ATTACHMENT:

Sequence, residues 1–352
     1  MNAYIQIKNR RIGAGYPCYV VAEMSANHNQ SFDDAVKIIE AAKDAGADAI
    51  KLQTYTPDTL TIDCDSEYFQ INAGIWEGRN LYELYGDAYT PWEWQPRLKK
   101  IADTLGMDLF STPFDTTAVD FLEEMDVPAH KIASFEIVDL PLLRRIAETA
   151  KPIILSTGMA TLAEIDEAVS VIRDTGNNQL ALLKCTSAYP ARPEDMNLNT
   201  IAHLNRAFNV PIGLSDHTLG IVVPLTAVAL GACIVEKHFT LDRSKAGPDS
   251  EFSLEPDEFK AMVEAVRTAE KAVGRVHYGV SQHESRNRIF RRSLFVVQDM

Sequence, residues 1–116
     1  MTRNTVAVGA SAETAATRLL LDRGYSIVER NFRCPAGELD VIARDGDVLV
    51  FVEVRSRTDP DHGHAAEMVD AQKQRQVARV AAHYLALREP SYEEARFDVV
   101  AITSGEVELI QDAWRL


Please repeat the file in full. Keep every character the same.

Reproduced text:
Sequence, residues 1–352
     1  MNAYIQIKNR RIGAGYPCYV VAEMSANHNQ SFDDAVKIIE AAKDAGADAI
    51  KLQTYTPDTL TIDCDSEYFQ INAGIWEGRN LYELYGDAYT PWEWQPRLKK
   101  IADTLGMDLF STPFDTTAVD FLEEMDVPAH KIASFEIVDL PLLRRIAETA
   151  KPIILSTGMA TLAEIDEAVS VIRDTGNNQL ALLKCTSAYP ARPEDMNLNT
   201  IAHLNRAFNV PIGLSDHTLG IVVPLTAVAL GACIVEKHFT LDRSKAGPDS
   251  EFSLEPDEFK AMVEAVRTAE KAVGRVHYGV SQHESRNRIF RRSLFVVQDM

Sequence, residues 1–116
     1  MTRNTVAVGA SAETAATRLL LDRGYSIVER NFRCPAGELD VIARDGDVLV
    51  FVEVRSRTDP DHGHAAEMVD AQKQRQVARV AAHYLALREP SYEEARFDVV
   101  AITSGEVELI QDAWRL